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Debating U.S. Foreign Policy: Where are the Women?

WASHINGTON, Feb 6 2015 (IPS) - Women are running some of the United States’ most prominent foreign policy focused think tanks, leading U.S. diplomatic initiatives, and reporting from the front lines of the world’s most dangerous conflict zones.

But there’s a dearth when it comes to women’s voices in U.S. media coverage of foreign policy issues, according to the founders of a new organisation that aims to amplify women’s voices in the media.

“Those who say that they make an effort to include women but cannot find any are pushing a load of BS.” -- Suzanne Dimaggio

“There is a disparity between the number of women [and men] we see commenting on foreign policy issues,” said Foreign Policy Interrupted co-founder Elmira Bayrasli to a packed room of women (and a few men) Feb 4. at the Washington-based New America, a non-profit public policy institute and think tank.

While some well-known female commentators are called upon by major media outlets to “check the box,” added Bayrasli, “Every six months there’s still an uproar about ‘where are the women?’”

Absent or overshadowed?

According to data compiled by U.S. foreign policy analysts Tamara Coffman Wittes and Marc Lynch, 65 percent of last year’s Middle East events at six influential think tanks in Washington included no female speakers.

Women are also “systematically cited less than their male peers,” wrote Wittes and Lynch in a recent Washington Post op-ed discussing the gap between the considerable number of senior women in the field and their notable absence from public discourse.

With women comprising roughly half of the U.S. population, the question becomes: Is the dearth due to a lack of qualified women for media outlets to reach out to when covering foreign policy issues?

“Those who say that they make an effort to include women, but cannot find any are pushing a load of BS,” said Suzanne Dimaggio, who has been directing Track II diplomatic initiatives with several countries in the Middle East and Asia throughout her career.

“Today we see an ever-growing cadre of women with expertise on every aspect of foreign policy—from the traditional to the non-traditional and emerging issues,” Dimaggio told IPS during a telephone interview.

Bayrasli and co-founder Lauren Bohn—both commentators on international affairs—argue that women are underrepresented in media coverage of U.S. foreign policy because mainstream media has traditionally relied on male commentators and because women hold themselves to extremely high standards, which can hold them back.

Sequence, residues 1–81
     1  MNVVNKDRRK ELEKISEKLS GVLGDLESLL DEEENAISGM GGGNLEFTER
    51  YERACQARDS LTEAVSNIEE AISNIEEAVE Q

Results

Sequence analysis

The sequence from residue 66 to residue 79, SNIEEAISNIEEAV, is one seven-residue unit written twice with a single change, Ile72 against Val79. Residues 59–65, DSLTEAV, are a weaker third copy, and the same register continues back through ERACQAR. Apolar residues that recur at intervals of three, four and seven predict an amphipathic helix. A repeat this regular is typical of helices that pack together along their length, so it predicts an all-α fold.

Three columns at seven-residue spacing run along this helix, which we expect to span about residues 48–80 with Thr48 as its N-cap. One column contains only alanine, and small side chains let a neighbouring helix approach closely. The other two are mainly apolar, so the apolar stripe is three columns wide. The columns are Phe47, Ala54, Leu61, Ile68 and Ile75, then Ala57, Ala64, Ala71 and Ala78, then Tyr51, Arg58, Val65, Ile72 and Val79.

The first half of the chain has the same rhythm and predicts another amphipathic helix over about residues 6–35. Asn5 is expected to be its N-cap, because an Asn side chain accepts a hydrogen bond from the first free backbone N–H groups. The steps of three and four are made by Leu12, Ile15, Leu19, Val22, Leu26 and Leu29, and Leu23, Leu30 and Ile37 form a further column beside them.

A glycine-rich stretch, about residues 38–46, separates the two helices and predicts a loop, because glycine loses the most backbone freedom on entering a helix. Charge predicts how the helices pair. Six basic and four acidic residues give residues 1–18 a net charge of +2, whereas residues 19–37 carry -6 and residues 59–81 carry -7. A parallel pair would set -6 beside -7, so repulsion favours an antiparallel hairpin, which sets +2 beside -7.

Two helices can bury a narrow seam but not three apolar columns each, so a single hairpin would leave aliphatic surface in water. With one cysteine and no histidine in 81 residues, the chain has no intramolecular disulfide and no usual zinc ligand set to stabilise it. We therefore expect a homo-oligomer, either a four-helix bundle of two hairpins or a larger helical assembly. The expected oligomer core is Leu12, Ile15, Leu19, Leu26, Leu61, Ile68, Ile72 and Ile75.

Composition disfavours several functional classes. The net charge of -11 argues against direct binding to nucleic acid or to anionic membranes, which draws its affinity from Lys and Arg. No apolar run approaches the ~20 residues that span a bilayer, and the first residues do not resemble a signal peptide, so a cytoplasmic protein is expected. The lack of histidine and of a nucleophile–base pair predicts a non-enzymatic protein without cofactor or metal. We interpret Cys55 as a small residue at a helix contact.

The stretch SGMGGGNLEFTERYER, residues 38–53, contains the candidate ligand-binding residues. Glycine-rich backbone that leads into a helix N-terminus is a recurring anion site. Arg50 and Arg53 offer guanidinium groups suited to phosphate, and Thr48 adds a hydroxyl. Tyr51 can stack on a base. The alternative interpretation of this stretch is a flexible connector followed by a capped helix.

In today’s fast-paced, competitive news media world, staff are scrambling to get out good information fast, so they don’t always have or take the time to look for new voices, said Bayrasli.

“The reality is that what bookers, producers and editors know is a rolodex of white men and that needs to change, but we also need to help them change that,” she said.

“I do think there’s this sense [among women that what they send to editors] has got to be really, really good, and honestly there’s a point when the best is the enemy of the ho good,” added moderator and New America president Anne-Marie Slaughter, the director of policy planning at the State Department from 2009-11.

Beyond checking the box

Dimaggio, a leader in facilitating U.S.-Iran policy dialogues, has a long resume of achievements in her field. But she acknowledged that especially earlier in her career, there were occasions when her abilities were underestimated because she is a woman.

“It was assumed that I would take a secondary role and men were given the last word,” said Dimaggio, an expert dialogue practitioner who runs New America’s Iran programme from New York. “But that’s not to say that I accepted playing a secondary role.”

She added that if major media outlets overlook qualified women when seeking expert commentary on foreign policy issues they should be held accountable, but more needs to be done by women as well.

“This problem won’t be resolved by only pressing those in positions of power to include more women. That certainly is a big piece of this. But, we, as women, must [also] change our own behaviour,” said Dimaggio.

“Things are getting better, but we still have a long way to go,” she said.

While Foreign Policy Interrupted, though still in its launch phase, exists to help women increase and improve their media presence, at least one well-known U.S. media publication has meanwhile been actively incorporating more women into its overall operation.

In the last three years Foreign Policy Magazine, a division of the Graham Holdings company, has gone from having one to 11 female regular columnists—half of its regular roster of 22—and its editorial staff is roughly 50/50.

“We realised that the magazine needed to be better, that there were too many of the same voices, and that our publication, which covers the ‘big tent’ of foreign policy, would not be adequately representative if it didn’t include women’s voices,” Executive Editor Ben Pauker told IPS.

Although the magazine now features an equal balance of female and male columnists, the male columnists write more frequently than the women. That could be for a number of reasons.

“It’s a function of getting some of our new columnists, both male and female, up to speed,” said Pauker.

Pauker told IPS that the magazine’s equity initiative, which will extend beyond the gender issue, is still a work in progress, but said at least anecdotally the response from readers has been “enormously positive.”

“It just makes us a better publication,” he said.

Edited by Kitty Stapp

 
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